Environment Minister Lily D’Ambrosio said setting interim targets in the current environment was difficult, given the significant impacts of coronavirus on how industry and the economy operate and “how we move around our city and how households use energy”.
“We will continue monitoring these impacts over the coming months and announce our interim targets for 2025 and 2030 when there is greater certainty for this decision making,” she said.
Ms D’Ambrosio said Victoria had the strongest climate change legislation in the country and remained on track to meet its target of net-zero emissions by 2050.
This is the second time the Victorian government has delayed setting targets, making it “doubly disappointing”, said Environment Victoria chief executive officer Jono La Nauze.
“We agree the government’s focus must be on protecting public health right now, but that does not diminish the urgency of the climate crisis,” Mr La Nauze said.
“We kicked off 2020 wearing face masks to block out smoke from the worst bushfires on record. Experts say there is much worse in store if we don’t take urgent action to drastically reduce global emissions.”
In deciding a target, the government is required to consider the advice of an independent panel chaired by Labor heavyweight and former federal minister for climate change Greg Combet.
The Combet panel found Victoria should reduce its emissions by 32 to 39 per cent in the next five years, and 45 to 60 per cent over the next decade.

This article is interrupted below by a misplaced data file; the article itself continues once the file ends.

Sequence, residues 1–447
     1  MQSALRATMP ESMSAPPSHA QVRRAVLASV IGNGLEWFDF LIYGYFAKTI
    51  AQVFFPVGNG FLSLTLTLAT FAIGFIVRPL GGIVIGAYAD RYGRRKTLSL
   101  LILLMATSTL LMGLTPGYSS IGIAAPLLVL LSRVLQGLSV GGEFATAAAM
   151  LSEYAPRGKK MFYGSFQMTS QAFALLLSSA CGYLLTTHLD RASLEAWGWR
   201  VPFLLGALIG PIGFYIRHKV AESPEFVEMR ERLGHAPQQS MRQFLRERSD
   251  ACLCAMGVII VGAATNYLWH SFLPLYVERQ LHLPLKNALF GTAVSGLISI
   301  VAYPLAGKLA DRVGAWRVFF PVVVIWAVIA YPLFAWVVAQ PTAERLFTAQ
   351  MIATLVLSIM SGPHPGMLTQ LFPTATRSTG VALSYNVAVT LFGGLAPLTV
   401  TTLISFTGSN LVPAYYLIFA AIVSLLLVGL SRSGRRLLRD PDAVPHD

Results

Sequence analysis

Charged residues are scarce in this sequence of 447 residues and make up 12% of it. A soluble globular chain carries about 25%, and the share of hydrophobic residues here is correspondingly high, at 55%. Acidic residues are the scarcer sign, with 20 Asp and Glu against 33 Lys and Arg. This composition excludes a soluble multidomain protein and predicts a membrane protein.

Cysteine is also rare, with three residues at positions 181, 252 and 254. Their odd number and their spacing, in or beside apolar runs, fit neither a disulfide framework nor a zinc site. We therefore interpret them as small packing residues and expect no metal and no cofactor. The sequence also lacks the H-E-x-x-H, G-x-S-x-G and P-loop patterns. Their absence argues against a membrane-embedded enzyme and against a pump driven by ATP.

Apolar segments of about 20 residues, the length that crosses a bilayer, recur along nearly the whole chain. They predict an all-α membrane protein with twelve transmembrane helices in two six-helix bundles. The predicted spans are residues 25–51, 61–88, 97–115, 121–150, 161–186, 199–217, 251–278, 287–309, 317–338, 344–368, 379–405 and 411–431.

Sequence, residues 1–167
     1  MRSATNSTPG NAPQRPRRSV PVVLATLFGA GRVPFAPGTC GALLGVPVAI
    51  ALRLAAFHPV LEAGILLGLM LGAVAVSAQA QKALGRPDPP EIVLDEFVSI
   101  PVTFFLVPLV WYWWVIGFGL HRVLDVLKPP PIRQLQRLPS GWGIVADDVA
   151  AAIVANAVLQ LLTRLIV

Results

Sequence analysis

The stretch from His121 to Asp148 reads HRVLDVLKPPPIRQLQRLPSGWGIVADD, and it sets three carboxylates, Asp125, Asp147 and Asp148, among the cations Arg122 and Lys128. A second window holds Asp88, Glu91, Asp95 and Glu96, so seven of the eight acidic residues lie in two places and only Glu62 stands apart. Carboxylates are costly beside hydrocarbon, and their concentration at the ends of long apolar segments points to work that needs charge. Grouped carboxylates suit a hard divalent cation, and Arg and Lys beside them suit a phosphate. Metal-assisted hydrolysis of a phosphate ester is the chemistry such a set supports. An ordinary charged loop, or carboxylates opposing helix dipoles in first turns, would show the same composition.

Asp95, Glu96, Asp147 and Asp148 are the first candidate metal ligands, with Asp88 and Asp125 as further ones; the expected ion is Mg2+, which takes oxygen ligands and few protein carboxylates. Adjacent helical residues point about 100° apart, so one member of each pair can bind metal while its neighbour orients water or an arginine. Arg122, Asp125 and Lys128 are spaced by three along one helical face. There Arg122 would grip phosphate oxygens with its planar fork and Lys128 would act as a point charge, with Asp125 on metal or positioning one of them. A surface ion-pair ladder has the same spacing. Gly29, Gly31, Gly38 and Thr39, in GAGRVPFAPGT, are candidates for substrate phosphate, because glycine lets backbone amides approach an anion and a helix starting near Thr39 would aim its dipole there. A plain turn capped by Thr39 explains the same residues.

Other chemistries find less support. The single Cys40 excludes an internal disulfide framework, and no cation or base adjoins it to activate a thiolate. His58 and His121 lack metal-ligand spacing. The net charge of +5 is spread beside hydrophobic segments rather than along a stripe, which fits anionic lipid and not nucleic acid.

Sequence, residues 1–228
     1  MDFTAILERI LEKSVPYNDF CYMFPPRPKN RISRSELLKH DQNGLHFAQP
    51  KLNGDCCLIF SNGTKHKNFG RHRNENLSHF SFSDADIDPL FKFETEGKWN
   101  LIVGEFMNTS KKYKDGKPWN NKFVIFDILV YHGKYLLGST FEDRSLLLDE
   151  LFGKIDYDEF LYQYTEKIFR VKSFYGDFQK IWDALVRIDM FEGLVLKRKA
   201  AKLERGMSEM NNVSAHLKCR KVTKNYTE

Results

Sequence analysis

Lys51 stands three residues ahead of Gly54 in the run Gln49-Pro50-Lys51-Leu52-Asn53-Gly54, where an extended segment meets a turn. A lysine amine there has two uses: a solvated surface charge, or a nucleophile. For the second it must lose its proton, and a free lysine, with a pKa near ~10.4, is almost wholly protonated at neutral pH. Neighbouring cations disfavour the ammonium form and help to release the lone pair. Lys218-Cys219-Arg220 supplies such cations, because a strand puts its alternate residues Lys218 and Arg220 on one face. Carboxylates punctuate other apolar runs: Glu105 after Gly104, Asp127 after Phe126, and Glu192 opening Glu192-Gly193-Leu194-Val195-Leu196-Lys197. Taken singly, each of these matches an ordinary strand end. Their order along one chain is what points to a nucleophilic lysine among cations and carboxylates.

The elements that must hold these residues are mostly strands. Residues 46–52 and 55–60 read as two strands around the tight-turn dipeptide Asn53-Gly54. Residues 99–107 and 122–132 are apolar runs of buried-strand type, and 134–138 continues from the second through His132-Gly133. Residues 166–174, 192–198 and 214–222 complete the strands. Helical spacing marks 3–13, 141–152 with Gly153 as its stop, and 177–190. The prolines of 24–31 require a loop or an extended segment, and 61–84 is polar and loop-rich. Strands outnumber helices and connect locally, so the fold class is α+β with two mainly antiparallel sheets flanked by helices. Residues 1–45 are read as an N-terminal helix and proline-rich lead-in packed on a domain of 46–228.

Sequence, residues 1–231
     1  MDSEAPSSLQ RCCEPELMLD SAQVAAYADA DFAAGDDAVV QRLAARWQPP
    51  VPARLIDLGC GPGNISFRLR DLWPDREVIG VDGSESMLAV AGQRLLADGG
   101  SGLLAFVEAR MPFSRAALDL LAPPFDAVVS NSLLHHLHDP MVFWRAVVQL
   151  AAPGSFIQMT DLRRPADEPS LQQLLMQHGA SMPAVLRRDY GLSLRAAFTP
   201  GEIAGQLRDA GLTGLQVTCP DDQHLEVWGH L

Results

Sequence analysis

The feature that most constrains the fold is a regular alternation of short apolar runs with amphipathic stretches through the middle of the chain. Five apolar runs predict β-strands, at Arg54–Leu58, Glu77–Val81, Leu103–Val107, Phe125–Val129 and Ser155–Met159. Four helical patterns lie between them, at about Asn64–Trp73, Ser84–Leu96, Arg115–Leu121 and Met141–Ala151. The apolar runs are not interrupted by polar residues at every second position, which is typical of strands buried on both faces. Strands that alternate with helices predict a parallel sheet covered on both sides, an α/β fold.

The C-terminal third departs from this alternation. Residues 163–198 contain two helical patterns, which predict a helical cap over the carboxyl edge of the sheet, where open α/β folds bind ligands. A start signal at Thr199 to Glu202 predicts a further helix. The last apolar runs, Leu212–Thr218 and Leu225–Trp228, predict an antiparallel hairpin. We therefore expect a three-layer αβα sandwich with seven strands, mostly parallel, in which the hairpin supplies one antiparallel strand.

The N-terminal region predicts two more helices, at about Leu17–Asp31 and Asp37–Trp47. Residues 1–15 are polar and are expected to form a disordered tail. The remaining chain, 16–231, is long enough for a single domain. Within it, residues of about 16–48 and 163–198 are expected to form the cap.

Friends of the Earth climate campaigner Leigh Ewbank also expressed disappointment but urged the Victorian government to “make the right decision, not a rushed decision on climate targets.”
Environment Victoria is one of a number of organisations – including the Climate Council, the Australian Conservation Foundation and Friends of the Earth – to put a pandemic response proposal to the Andrews Government.
The COVID-19 response should deliver economic benefits while also meeting Victoria’s goal to reduce emissions in line with keeping global warming to below 1.5°C, it said.
The proposals include energy efficiency upgrades for vulnerable households and introducing grants for manufacturers to upgrade infrastucture.
The state should also put solar panels on public housing and launch an employment program to undertake revegetation in bushfire-affected landscapes, the group said.
“Smart, targeted government investment now in areas such as renewable energy, energy efficiency and supporting manufacturers to move away from expensive, polluting gas will help Victoria to bounce back,” said Amanda McKenzie, the chief executive of the Climate Council.
Recent Climate Council research suggested thousands of jobs could be created in large-scale renewable energy schemes to tackle steep job losses from the COVID-19 pandemic.
Miki Perkins is a senior journalist and Environment Reporter at The Age.